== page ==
After opening a convent in the Himalayas, five nuns encounter conflict and tension - both with the natives and also within their own group - as they attempt to adapt to their remote, exotic surroundings.
A private eye escapes his past to run a gas station in a small town, but his past catches up with him. Now he must return to the big city world of danger, corruption, double crosses and duplicitous dames.
At a café on a railway station, housewife Laura Jesson meets doctor Alec Harvey. Although they are both already married, they gradually fall in love with each other. They continue to meet every Thursday in the small café, although they know that their love is impossible.Written by
The bad film Alec and Laura walk out on is titled Flames of Passion, an in-joke reference to the British silent film Flames of Passion (1922). The title re-surfaced years later on a gay porn film modeled on Brief Encounter. See more »
When Laura buys a brandy for herself late in the film she hand over a single coin which the girl throws into the register without giving change. We later see that she rang up 10d, the price stated earlier in the film for the same drink. There was no 10d coin. See more »
I had no premonitions. But, I suppose I should have had. It all seemed so natural and so innocent.
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There's not a lot to say. Like many classics this film is simply constructed with all the elements in balance so that none stands out. Everything in it contributes something essential; the lighting, the unromantic railway station sets, the minor characters and of course the music, the ultra-romantic Rachmaninov Piano Concerto no 2. The emotional rollercoaster of the illicit affair has seldom been better portrayed. Perhaps it is a little understated for transatlantic tastes but no-one viewing this movie would not appreciate that the English can be as passionate as the rest of us.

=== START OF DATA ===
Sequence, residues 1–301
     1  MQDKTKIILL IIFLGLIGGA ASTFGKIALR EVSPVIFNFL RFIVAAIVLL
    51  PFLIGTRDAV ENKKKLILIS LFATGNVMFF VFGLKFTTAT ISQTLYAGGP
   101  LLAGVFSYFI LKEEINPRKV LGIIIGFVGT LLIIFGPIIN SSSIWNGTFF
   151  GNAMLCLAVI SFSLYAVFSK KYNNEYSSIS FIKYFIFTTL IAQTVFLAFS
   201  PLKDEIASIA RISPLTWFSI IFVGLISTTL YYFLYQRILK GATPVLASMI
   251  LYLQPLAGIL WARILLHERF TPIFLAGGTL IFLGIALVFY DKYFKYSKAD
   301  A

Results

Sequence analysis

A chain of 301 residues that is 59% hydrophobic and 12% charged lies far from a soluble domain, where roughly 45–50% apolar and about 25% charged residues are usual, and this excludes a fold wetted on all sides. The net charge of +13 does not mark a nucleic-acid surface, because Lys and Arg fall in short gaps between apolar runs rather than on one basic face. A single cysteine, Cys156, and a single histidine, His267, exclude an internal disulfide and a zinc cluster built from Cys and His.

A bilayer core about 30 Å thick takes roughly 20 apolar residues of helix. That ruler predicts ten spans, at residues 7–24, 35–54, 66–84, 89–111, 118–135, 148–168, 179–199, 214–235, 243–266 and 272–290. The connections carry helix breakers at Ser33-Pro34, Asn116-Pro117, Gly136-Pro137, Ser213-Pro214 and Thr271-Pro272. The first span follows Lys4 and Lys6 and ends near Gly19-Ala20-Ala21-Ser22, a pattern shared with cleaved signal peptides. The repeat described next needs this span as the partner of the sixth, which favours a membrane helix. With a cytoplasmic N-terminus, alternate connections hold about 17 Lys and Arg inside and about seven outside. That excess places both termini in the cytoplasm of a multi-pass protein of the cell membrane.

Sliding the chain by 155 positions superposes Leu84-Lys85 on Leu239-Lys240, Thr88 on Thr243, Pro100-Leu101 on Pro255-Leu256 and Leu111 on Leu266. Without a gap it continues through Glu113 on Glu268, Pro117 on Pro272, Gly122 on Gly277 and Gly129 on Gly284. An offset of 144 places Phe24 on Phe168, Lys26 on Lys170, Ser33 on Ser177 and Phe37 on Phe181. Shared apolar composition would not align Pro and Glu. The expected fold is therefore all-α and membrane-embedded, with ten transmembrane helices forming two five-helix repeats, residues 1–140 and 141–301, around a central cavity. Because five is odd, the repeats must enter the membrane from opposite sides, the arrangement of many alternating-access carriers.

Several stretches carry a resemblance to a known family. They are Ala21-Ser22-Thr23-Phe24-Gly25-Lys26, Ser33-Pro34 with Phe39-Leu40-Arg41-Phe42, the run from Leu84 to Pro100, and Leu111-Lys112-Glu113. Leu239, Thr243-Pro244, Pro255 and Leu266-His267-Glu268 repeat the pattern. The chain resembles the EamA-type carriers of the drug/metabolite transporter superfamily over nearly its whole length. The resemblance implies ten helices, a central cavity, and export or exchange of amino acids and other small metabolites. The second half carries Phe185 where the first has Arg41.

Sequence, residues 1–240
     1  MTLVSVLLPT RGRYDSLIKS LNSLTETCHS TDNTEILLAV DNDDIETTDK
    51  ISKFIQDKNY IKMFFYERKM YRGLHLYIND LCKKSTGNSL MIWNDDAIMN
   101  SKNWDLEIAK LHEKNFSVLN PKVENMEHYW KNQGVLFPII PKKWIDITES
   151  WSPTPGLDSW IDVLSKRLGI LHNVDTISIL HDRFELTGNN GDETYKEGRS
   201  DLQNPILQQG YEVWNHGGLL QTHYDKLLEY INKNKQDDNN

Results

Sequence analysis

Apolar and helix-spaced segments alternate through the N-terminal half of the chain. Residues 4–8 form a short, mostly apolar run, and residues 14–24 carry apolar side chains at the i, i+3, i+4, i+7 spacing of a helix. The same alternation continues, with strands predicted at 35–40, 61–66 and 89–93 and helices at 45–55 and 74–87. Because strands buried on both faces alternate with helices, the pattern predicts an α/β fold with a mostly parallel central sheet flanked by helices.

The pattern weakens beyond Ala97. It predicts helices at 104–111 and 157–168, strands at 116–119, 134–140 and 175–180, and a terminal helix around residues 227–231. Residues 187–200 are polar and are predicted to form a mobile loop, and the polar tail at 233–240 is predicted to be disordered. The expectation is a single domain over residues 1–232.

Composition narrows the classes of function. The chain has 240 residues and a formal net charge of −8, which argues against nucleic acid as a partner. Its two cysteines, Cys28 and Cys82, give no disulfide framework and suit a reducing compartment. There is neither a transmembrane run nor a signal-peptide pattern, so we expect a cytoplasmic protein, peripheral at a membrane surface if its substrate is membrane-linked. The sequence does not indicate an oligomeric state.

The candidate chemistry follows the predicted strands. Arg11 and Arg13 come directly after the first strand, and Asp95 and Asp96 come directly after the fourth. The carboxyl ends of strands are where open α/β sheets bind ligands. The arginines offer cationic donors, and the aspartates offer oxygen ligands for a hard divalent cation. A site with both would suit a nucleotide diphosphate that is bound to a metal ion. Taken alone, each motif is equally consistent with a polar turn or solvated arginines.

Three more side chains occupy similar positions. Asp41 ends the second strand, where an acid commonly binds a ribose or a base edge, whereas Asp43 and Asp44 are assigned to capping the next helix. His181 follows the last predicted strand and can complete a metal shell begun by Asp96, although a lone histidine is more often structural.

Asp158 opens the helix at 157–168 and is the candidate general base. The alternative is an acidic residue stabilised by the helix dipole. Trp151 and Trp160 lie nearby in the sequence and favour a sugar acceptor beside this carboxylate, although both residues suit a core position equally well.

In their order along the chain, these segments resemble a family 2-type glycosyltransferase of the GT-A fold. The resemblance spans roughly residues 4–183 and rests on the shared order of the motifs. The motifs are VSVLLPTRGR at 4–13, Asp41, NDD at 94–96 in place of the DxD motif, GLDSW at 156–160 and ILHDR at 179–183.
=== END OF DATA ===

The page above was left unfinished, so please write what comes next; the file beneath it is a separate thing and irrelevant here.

Celia Johnson as Laura and Trevor Howard as Alec are perfect together. It being 1945, they do not get to bed that would have ruined the audience's sympathy for them in those rather more censorious times. It's all in their minds but their faces give the game away to each other and to the bystanders. Nothing happens to drag anyone near the awful divorce courts, but you are left wondering whether Celia will ever feel quite the same about her dull, comfortable, patronising and boring husband. As for Alec, he professes he will love her forever but then, he's a man.
Noel Coward produced this film from a short play of his from 1935 (the war and post-war shortages are absent), and his dulcet tones may be recognised in the railway station announcements. David Lean directed, and it is a remarkable collaboration. The action is opened out a little a row on the lake, a drive in the country - but the scenes from the play set entirely in the railway refreshment rooms still remain the centre of the story. The parallel relationship between Albert the station guard (Stanley Holloway), and Myrtle the refreshment room attendant (Joyce Carey), is an interesting counterpoint to the angst-ridden middle class would-be adulterers. Surely Noel old boy you weren't suggesting that the working class handles this sort of thing better? We see things largely from Laura's point of view and perhaps Alec didn't feel quite so guilty, but their consciences are going to make them pay. A gem of a movie.
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